Have you noticed that more people are choosing tattoos these days? Are tattoos going main stream? What do tattoos mean to people who have them? What do tattoos mean to the larger culture? On Thursday’s AU Tom Williams talks with University of Connecticut Sociology professor Clinton Sanders, author of "Customizing the Body—The Art and Culture of Tattooing." He’ll also speak with a tattoo artist and owner of Sailor Jim's Electric Tattoo from Logan, Utah, a dermatologist, and a woman who is having her tattoos removed.
This week brings you the third installment in the “cosmopolitan collaborations” series, featuring musical match-ups such as the Chieftains with the Decemberists, Keith Richards with Lee Scratch Perry, Sting with Anoushka Shankar, David Byrne with Caetano Veloso, and many others.
Sportswriter John Feinstein has lived every fan’s dream: behind-the-scenes access to many of the great sports figures of our time, including Bob Knight, Dean Smith, Tiger Woods, John McEnroe, Ivan Lendl, and Martina Navratilova as well as encounters with less-heralded but fascinating players and coaches in the Patriot League, the U. S. Military Academies, and at golf’s Q School.
Today we discuss the native flower Penstemons, in it's many varieties with experts from across the Southwest: Janette Warner, owner of Wildland Nursery in Joseph, Utah and David Salmon from High Country Gardens of Santa Fe, New Mexico.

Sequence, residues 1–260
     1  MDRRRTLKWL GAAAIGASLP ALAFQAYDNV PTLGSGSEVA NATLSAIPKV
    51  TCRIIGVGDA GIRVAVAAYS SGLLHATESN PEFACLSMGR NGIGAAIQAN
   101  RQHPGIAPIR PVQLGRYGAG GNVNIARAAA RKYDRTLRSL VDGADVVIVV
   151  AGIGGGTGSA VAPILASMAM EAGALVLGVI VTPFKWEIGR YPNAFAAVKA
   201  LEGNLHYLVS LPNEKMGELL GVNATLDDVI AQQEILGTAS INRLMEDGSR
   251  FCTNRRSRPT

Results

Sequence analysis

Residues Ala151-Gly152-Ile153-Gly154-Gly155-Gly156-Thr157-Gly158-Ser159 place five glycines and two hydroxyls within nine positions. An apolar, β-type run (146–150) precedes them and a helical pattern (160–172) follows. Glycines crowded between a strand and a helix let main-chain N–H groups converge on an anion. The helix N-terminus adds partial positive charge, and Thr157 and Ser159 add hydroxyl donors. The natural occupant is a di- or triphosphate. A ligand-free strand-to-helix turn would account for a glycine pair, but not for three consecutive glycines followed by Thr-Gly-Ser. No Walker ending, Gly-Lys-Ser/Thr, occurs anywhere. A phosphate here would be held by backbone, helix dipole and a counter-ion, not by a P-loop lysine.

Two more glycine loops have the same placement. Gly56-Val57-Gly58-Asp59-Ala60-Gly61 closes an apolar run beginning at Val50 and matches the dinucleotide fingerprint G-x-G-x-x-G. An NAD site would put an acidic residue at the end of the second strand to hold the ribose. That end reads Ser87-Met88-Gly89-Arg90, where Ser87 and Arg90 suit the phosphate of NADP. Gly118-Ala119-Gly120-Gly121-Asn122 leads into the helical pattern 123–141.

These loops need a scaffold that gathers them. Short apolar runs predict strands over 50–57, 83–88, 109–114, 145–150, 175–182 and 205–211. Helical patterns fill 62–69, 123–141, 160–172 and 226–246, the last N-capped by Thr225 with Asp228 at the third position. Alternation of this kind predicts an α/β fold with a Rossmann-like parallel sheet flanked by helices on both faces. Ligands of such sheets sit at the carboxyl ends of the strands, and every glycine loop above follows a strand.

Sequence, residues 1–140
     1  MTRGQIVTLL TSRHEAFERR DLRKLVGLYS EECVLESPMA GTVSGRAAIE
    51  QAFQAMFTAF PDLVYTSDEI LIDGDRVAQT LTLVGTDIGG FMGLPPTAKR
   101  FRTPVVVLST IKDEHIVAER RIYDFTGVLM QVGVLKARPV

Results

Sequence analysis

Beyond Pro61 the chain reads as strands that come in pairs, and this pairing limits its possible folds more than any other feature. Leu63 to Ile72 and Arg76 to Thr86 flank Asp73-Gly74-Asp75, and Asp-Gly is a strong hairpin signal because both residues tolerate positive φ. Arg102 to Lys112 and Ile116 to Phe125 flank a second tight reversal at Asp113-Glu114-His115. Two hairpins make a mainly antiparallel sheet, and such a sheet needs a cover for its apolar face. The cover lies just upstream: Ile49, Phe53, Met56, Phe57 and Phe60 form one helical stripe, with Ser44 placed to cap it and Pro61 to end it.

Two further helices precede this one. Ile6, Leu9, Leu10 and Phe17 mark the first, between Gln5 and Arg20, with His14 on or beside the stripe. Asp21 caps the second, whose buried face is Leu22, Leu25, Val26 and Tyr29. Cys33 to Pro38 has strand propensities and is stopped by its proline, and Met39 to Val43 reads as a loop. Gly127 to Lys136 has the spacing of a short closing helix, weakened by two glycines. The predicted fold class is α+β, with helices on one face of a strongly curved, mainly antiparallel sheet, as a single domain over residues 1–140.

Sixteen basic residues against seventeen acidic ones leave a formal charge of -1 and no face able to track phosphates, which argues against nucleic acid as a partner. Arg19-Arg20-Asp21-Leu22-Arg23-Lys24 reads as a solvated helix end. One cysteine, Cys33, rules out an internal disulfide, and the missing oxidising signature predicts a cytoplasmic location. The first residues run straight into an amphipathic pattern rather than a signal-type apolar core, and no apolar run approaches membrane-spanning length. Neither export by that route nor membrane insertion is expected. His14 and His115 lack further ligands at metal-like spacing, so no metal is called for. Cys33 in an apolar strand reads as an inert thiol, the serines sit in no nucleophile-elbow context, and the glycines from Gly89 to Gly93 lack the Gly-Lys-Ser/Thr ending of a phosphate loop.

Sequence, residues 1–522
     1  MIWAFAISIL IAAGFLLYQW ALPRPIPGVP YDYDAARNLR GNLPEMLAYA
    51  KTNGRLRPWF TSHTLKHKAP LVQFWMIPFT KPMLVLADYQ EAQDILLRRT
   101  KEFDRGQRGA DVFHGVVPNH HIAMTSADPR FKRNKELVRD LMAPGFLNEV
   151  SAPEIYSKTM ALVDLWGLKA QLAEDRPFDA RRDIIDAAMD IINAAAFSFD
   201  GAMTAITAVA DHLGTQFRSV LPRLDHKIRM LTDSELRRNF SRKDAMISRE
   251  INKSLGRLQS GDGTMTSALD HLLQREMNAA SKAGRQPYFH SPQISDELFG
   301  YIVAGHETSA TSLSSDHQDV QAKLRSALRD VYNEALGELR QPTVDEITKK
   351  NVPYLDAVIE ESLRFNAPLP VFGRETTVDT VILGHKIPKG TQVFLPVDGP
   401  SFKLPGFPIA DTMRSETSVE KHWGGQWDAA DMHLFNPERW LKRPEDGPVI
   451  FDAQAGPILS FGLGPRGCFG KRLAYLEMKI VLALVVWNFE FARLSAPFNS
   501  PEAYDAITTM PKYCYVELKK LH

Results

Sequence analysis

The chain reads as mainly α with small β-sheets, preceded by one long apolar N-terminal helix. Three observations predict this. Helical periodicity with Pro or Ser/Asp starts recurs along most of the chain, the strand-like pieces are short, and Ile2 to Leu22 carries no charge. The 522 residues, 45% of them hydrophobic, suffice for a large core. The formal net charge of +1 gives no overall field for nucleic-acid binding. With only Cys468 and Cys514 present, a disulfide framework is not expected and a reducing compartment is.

Salmon will be a guest speaker at the Utah Native Plant Society's Penstemon Festival June 8-9. On the show he talks a bit about his topic: Penstemons.
Sheri Quinn and Suzi Montgomery talk to the past and current members of the Conservation Corps. From the time of the Great Depression on, Americans have been actively engaged in conserving the wilderness for future generations. The duo talks to past members of the corps, teaching their experiences and telling their stories, along with how newcomers are changing the landscape today. Utah Conservation Corps members discuss their involvement and motivation for helping with the conservation of the American lands.
Today on Access Utah we hear from Utah State University Anthropology Professor and author Steve Simms. He has spent the last few decades researching and learning of Utah's ancient peoples with archeology as his scientific tool. His book, "Ancient Peoples of the Great Basin and Colorado Plateau," details human occupation starting in the region 13 thousand years ago.
On the show this week I feature the harmonious music of Bev Barnett and Greg Newlon, and the new image-based lyrical songs of Heather Styka. I’ll also play songs from new albums by Bill Andrews, Rebecca Zapen, and Billy Mitchell, to name a few. Tune in and listen this Saturday at 8pm to Fresh Folk on Utah Public Radio.
Greg Hudnall, then a new school principal, had to identify the body of a student who had killed himself. Suicide prevention became a personal mission for Mr. Hudnall and he went on to found the Utah Hope Task Force.
You may have been following NPR’s series, “Family Matters: The Money Squeeze,” heard Tuesdays on Morning Edition. Record numbers of adult children, middle-aged parents, and elderly grandparents are living under the same roof and doing their best to deal with the emotional and financial stresses. Many others are dealing with similar issues while not living together. Some economists are calling those middle-aged parents ”the sandwich generation.”